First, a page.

Crafts, sewing, knitting and crochet are really wonderful ways of connecting with your community too. If you’ve never done any craft work before and you’re not sure where to start, have a look around the noticeboards in your neighbourhood and at the local library to see if there are any beginner classes. Join up if you find them. If you can't find any beginners workshops, look on YouTube because there are many fabulous tutorials for absolute beginners there. Working on individual or group work is a great way to socialise with your friends. Instead of just talking and drinking coffee, meeting with friends to work on projects, talk and drink coffee gives a warm feeling of productivity as it strengthens those friendly ties.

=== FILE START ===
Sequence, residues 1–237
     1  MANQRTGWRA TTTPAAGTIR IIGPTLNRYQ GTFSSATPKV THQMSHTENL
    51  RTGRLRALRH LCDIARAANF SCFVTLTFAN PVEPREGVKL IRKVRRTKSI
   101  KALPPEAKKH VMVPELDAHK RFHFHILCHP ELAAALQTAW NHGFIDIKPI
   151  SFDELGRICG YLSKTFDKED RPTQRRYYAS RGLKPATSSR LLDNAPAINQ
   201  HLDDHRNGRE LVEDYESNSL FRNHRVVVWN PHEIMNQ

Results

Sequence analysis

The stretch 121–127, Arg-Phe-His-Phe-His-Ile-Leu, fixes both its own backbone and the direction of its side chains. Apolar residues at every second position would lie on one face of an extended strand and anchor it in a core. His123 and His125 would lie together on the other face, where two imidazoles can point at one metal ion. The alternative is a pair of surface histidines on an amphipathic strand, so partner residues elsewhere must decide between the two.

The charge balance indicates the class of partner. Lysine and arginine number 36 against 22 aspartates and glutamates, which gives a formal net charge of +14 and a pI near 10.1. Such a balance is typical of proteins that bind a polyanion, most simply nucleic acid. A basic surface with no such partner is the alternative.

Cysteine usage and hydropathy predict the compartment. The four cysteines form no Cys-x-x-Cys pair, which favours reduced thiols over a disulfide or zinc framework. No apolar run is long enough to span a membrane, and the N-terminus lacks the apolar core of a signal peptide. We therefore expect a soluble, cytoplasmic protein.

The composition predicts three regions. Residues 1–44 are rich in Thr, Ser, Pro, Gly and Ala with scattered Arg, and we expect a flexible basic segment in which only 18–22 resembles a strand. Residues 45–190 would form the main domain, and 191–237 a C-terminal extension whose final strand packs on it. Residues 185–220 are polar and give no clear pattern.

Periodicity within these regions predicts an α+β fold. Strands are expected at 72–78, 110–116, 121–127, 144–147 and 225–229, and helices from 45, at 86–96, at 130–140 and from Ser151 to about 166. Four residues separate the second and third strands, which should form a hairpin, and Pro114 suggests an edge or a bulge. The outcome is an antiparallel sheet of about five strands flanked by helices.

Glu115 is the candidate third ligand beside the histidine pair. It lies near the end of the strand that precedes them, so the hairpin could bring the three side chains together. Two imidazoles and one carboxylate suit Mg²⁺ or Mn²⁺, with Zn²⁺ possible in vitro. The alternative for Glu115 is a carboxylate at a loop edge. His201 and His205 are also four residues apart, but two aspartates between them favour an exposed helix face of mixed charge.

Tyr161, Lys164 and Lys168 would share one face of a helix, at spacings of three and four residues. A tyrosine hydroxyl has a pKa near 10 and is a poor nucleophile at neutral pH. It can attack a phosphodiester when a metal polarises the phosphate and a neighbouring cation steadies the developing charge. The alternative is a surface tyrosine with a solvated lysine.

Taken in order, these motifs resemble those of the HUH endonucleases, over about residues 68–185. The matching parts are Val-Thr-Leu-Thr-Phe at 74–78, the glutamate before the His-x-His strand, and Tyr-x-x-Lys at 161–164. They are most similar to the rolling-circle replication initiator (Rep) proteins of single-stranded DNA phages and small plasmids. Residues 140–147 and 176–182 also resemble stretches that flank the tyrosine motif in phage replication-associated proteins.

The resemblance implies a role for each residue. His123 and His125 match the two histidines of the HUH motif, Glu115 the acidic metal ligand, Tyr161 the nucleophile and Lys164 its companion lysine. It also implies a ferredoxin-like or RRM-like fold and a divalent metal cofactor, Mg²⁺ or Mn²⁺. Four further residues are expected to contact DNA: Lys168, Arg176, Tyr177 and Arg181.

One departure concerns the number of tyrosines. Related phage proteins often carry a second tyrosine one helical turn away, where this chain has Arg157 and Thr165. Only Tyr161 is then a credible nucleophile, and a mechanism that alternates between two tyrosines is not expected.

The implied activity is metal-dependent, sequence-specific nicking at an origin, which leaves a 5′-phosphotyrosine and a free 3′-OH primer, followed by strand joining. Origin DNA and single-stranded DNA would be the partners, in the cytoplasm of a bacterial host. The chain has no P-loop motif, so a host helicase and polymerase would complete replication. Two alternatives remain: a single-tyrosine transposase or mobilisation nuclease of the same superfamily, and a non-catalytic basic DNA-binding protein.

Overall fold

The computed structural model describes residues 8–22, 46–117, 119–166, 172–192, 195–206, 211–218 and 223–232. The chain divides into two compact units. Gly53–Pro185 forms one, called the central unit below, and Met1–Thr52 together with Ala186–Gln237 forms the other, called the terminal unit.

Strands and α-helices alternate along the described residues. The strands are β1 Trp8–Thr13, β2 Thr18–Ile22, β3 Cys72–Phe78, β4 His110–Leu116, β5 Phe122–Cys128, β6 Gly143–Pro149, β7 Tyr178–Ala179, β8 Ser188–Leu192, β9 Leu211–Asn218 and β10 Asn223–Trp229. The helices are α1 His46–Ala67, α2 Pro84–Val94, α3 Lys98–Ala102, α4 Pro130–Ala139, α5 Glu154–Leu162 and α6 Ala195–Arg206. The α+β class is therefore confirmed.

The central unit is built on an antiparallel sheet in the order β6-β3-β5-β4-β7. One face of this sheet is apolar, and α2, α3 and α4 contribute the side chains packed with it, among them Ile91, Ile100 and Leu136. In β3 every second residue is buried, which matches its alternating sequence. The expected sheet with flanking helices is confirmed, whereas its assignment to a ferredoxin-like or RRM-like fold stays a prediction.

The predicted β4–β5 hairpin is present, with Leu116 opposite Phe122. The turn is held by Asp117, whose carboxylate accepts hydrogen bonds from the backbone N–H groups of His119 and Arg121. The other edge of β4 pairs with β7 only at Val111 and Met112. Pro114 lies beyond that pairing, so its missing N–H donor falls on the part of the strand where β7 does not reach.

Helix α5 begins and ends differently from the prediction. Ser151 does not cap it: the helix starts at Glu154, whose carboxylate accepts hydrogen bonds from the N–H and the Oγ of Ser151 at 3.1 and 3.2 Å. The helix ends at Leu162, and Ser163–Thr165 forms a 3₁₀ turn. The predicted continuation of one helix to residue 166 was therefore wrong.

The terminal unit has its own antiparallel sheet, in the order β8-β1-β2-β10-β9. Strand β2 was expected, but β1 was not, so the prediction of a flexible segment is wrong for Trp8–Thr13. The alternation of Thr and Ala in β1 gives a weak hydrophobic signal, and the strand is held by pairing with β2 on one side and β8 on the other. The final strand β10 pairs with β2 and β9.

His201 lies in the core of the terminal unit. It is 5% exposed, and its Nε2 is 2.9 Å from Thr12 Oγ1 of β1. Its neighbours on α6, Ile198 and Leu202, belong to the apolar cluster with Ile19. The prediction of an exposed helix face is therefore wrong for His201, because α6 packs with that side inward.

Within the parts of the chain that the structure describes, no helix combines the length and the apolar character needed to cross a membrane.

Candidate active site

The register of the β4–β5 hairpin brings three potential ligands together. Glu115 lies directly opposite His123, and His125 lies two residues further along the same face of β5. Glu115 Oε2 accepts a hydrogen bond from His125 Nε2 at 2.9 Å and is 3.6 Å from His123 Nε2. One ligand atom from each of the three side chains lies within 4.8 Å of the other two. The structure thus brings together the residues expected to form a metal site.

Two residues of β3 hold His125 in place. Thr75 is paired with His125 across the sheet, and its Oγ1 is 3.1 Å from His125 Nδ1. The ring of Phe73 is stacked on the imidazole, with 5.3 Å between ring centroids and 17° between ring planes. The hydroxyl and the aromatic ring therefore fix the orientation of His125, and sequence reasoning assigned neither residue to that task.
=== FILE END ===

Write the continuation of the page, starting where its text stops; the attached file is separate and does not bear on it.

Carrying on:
From left: Sandi, Tricia, Jude and Jude's cousin Rhonda. We met for tea at my place but the main topic of conversation was sewing. It's a great way to learn tips and tricks from other people interested in sewing and craft.

Gathering
When you start collecting materials, look for good quality older clothing, fabric and wool so part of the benefit of making things for your home will be the recycling aspect of it. If you haven’t decluttered, or if you have but there are still a lot of clothes and old fabrics in your home, you may be able to use that excess to make some of the items you want to make. It will be easier for you to create all those wonderful future projects if you make a little stockpile of materials. If you have a sewing/craft room, store all your resources in there but if not, make do with a large plastic box that will hold what you’ve collected and keep it all away from the dust and moths.

 Organise yourself and your materials.